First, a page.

The odds are quite good that you have never seen magma – apart from photographs or perhaps on a nature show on television. However, depending on where you live or have traveled you may very well have interacted with its byproducts without even knowing it (for example, when you walk on a volcanic landscape, or on a granite floor).
Simply put, magma is liquefied, molten (which, in this case, is synonymous with melted) rock which exists below the surface of the planet. With only a few exceptions (lightning, which can actually be hotter than the surface of the sun, being the most well known), magma is the hottest naturally occurring thing that ever reaches the surface of the earth in any form. Depending on its type and composition, magma can range from 700 degrees Celsius (1300 degrees Fahrenheit) up to 1250 degrees Celsius (almost 2300 degrees Fahrenheit). In the earth’s distant past, it is believed that magma reached a temperature of over 1600 degrees Celsius (over 3000 degrees Fahrenheit).
Magma is only found beneath the earth’s surface – and in recent years evidence has been found which suggests that it may exist, or have existed in the distant past, on other planets – and only in specific areas beneath the surface. When magma comes to the earth’s surface – usually, but not always, as the result of a volcanic eruption – it is called lava. When lava cools it forms volcanic, or extrusive, igneous rock which accounts for about 15% of the surface area of the earth. It should be noted that not all magma makes it to the surface of the earth as lava; a great deal of magma cools before it reaches the surface, in the upper layers of the earth’s crust – in which case it forms what is called plutonic, or intrusive, igneous rock.
While people have certainly known about (and even, in some cases, worshiped) volcanoes for thousands of years, and had at least a general idea about lava for several centuries, a true understanding of magma – both what it is and where it actually comes from – is a relatively recent thing in human history. Even less than a century ago the technology did not exist to actually measure the heat and composition of magma, much less understand how and where it was formed. As technology continues to advance more is understood about magma – but there is still a lot to learn.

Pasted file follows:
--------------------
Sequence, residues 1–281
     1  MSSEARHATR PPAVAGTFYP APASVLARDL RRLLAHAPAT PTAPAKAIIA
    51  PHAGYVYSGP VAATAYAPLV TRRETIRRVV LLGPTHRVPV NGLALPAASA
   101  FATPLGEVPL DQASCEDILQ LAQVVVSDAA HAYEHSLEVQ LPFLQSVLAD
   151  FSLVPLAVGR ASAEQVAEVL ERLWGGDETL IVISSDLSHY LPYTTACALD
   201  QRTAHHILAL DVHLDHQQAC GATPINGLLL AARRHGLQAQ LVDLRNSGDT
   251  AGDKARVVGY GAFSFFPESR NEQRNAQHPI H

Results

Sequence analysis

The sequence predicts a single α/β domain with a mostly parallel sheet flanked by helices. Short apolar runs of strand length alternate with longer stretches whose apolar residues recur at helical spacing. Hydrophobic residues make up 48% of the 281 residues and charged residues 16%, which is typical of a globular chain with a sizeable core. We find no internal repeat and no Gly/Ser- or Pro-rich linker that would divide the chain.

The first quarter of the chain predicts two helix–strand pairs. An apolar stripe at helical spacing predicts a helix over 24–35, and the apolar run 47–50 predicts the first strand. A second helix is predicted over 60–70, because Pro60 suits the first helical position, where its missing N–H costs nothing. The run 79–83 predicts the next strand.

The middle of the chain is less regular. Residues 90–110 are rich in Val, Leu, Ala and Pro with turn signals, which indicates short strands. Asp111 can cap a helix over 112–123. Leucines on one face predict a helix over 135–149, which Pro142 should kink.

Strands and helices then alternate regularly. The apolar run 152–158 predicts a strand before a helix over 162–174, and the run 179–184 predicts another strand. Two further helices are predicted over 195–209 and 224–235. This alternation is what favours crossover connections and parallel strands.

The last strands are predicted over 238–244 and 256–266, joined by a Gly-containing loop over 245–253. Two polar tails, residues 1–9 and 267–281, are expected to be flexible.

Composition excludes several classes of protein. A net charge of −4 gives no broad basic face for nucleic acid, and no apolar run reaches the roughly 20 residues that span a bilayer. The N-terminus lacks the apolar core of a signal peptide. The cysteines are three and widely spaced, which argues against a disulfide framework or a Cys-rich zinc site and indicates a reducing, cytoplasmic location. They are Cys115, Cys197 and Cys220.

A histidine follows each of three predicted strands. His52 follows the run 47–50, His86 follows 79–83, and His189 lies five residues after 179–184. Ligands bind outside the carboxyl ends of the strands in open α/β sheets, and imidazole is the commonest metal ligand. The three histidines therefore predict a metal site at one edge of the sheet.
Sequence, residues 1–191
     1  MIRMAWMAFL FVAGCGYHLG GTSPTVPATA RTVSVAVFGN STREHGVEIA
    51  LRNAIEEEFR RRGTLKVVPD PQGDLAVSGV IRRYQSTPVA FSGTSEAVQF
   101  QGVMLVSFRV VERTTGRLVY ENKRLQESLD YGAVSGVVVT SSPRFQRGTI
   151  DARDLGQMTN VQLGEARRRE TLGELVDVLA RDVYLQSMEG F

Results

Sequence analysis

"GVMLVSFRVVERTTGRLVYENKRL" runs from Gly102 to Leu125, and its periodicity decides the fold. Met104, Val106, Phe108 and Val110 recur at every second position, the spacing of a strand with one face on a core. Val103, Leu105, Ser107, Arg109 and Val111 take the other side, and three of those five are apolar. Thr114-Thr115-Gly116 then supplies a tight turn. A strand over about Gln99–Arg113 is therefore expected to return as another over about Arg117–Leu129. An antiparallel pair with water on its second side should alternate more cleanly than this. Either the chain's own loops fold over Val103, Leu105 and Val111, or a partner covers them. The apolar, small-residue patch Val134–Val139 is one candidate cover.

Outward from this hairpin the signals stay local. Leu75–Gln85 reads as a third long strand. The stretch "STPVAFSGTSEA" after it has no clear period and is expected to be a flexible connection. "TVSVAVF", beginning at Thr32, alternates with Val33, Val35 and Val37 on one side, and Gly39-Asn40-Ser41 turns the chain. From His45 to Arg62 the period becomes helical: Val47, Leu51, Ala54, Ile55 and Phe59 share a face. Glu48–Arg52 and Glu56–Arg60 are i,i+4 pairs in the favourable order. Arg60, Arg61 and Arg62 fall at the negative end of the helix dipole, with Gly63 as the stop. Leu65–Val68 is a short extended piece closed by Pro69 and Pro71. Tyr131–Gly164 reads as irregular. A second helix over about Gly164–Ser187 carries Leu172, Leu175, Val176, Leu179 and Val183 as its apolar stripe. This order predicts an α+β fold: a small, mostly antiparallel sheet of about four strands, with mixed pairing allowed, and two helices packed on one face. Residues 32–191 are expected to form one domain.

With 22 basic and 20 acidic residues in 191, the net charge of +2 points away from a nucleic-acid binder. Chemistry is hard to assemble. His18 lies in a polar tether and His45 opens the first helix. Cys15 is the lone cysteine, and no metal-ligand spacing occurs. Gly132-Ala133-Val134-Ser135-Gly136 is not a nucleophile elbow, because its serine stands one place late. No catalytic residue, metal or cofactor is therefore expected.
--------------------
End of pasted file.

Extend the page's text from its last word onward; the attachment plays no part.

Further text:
Where Does Magma Come From?
Contrary to what many people think, magma does not come from the center of the earth. In order to understand where magma actually does come from – and how it is formed – it is necessary to understand a bit about the basic structure of the earth itself (the stuff most of us daydreamed through when it was being taught to us in high school).
The earth has four basic levels: the inner core, the outer core, the mantle, and the crust. The inner core is believed to be comprised primarily of solid iron and nickel and is the hottest of all the levels, at over 5500 degrees C (about 10,000 F). The outer core is made up of mostly liquefied iron and nickel and is a bit ‘cooler’, at around 4400 degrees C (8000 F). The mantle is divided into an upper and lower part (called the lithosphere and the asthenosphere respectively); the lower part of the mantle is comprised of much the same materials as the outer core, has a plastic-like liquid consistency and is only slightly cooler, while the upper mantle is made of very dense solid rock and is considerably cooler – usually between 300 and 500 degrees C (about 600 to 900 F). The crust is the top layer of the earth; the lower portions of the crust will range from 200 to 400 degrees C (about 350 to 750 F) while the upper part of the crust is the surface of the planet where all known life – including humans – exist.
Simply put, magma is formed when solid rock and other constituents in the upper mantle or lower crust melts as the result of heat and pressure exerted upon them over a considerable length of time by a number of factors including ‘hotspots’, which are areas where the much hotter lower mantle effectively superheats the cooler material of the upper mantle and lower crust above and melts them. There is no evidence to suggest that magma is produced in any part of the earth other than the lower crust and upper mantle. While the lower mantle and outer core are both comprised of extremely hot liquefied elements, their chemical composition is different from the substance that we commonly call magma.
Magma is not evenly or generally distributed at any level within the earth, and is not found ‘everywhere’ at a certain depth; specific conditions must be present for the production of magma to occur. Once magma has been formed, it is forced upward into and through the crust by pressure from below – traveling through cracks in the existing solid rock – and will often melt some of the rock it passes, creating more magma. Eventually, it will either cool beneath the earth’s surface and turn back into rock or be stored in its liquefied form in ‘magma chambers’ (discussed below) which are found at varying depths beneath the surface of the crust, often directly beneath volcanoes.
What is Magma Made Of?